Instead, noting growing issues with diabetes and heart disease, Hawthorne envisions Texas Health as a one-stop shop for individuals, employers, and even municipalities to improve their health. For a few years now, he's been making big bets that his health system will be responsible for, and will make its financial future on, caring for individuals over a lifetime. Making that change in focus pay off financially is the critical challenge, however.
Over Hawthorne's lengthy tenure, the organization has continued to add pieces, often leading the way nationally in acquisition of hospitals, physician practices, and innovative contracting with other pieces of the healthcare continuum. He and his team have shown repeatedly that they are willing to make big bets on where the puck is going in healthcare, and those bets have almost always paid off.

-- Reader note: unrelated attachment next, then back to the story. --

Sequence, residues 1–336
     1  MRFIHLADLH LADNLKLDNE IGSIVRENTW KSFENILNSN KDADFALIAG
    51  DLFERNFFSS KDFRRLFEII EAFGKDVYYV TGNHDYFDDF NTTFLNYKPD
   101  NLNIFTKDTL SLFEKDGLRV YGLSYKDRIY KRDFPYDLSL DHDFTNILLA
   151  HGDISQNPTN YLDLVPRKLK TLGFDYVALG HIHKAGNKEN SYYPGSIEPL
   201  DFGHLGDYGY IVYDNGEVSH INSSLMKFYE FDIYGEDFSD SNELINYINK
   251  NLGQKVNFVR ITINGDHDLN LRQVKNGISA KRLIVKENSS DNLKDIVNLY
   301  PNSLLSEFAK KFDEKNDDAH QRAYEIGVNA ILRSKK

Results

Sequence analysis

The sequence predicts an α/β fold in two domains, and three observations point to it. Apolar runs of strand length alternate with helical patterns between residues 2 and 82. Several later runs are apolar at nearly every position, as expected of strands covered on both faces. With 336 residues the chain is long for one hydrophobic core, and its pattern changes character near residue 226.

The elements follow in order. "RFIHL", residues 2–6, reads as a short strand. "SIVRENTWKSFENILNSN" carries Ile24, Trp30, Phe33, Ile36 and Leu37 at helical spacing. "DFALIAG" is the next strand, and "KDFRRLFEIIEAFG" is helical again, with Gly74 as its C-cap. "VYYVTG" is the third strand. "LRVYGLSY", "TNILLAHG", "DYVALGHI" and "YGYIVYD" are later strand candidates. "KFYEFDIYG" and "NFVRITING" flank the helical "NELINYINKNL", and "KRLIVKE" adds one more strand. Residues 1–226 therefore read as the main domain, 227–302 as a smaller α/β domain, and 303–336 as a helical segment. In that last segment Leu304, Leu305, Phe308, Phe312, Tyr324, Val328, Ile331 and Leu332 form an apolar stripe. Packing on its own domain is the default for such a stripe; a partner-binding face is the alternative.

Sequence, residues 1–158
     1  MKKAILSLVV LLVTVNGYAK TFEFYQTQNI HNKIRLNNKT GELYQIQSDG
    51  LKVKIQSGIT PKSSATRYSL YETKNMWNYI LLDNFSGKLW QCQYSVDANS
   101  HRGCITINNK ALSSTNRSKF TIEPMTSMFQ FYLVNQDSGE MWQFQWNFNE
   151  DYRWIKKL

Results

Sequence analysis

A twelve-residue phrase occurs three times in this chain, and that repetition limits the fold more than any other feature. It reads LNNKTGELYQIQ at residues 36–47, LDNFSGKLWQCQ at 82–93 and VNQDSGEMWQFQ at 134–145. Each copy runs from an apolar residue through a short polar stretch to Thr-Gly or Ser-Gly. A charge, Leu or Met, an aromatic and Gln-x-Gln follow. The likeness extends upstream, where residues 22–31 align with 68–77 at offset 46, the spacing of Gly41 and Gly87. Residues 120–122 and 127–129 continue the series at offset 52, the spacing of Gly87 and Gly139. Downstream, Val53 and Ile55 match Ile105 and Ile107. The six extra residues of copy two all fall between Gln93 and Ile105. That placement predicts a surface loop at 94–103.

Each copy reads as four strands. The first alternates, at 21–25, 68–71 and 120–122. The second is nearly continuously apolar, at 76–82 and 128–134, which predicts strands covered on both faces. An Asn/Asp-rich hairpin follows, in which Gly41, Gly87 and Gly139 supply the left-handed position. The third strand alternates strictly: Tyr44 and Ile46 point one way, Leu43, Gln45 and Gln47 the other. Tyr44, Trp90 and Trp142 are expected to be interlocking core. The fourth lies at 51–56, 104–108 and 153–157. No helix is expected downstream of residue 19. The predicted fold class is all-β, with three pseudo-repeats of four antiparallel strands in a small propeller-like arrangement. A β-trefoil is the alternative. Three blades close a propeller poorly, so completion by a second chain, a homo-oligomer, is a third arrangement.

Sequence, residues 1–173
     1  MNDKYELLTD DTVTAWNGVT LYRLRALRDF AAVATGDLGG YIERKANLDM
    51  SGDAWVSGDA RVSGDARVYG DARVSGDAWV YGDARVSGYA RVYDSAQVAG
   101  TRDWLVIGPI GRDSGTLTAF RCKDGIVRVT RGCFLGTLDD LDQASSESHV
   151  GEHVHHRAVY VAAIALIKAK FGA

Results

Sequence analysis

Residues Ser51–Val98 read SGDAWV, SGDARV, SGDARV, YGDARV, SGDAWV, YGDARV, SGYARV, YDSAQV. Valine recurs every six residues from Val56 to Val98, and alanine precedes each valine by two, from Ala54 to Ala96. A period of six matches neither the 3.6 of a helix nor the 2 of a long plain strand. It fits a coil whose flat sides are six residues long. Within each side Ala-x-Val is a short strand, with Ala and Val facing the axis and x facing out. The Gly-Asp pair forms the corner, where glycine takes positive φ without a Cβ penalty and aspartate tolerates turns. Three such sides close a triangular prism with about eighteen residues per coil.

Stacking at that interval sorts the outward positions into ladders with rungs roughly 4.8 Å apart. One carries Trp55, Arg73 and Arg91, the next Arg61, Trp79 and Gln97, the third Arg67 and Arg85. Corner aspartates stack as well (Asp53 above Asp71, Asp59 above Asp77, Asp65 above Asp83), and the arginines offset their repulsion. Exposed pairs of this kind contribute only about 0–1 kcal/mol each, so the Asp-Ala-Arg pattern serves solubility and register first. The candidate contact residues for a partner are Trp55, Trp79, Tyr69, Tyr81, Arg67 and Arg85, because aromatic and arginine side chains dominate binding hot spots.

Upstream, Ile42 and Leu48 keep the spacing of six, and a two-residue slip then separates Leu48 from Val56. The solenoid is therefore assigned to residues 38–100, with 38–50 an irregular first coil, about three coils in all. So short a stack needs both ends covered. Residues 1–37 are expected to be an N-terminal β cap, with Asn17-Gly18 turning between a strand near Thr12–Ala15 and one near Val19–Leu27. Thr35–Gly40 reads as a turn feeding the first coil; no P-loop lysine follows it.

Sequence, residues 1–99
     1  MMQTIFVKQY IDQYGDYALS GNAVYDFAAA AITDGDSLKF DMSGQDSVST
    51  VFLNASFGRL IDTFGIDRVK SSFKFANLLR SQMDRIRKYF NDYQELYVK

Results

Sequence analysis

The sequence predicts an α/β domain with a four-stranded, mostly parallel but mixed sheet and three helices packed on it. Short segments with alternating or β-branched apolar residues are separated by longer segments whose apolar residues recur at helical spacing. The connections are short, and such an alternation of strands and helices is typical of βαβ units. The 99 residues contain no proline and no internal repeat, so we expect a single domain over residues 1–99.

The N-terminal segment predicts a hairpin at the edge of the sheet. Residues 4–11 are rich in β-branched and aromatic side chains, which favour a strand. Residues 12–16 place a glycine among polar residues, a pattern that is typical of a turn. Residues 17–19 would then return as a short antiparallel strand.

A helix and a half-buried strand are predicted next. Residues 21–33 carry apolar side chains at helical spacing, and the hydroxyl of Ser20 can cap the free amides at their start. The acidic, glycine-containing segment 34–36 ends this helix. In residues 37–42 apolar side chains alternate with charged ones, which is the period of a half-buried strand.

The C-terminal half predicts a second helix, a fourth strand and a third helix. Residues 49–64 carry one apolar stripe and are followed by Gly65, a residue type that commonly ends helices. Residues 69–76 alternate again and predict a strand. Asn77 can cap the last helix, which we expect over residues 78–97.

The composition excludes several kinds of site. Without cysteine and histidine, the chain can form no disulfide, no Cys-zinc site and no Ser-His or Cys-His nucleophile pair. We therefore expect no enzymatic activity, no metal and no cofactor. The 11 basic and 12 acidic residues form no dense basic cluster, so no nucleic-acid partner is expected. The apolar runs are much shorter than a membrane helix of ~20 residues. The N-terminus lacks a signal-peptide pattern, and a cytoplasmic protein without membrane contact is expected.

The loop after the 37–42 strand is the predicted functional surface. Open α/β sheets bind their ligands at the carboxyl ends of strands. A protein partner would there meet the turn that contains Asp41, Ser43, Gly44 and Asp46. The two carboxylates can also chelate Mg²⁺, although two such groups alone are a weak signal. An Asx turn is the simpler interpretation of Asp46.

They are seven years into a 10-year strategic plan that seeks to transform the delivery of healthcare from hospital-based to community-based, with a business model that includes pieces like education, wellness, prevention, and primary care on one side (the hospital is in the middle) and rehab, home, long-term, palliative, and hospice care on the other. The goal is to make Texas Health a "national benchmark health system," and given how others have copied this strategy since the Patient Protection and Affordable Care Act was passed four years after Texas Health's transformation was activated, the move seems brilliant in hindsight.
Yet that doesn't mean it hasn't provided its challenges, and it's still too soon to understand which pieces make financial sense and which ones don't because the moves Texas Health has made have almost always been ahead of an income stream to support them, says Hawthorne. Will the strategy pay off? Hawthorne is confident it will.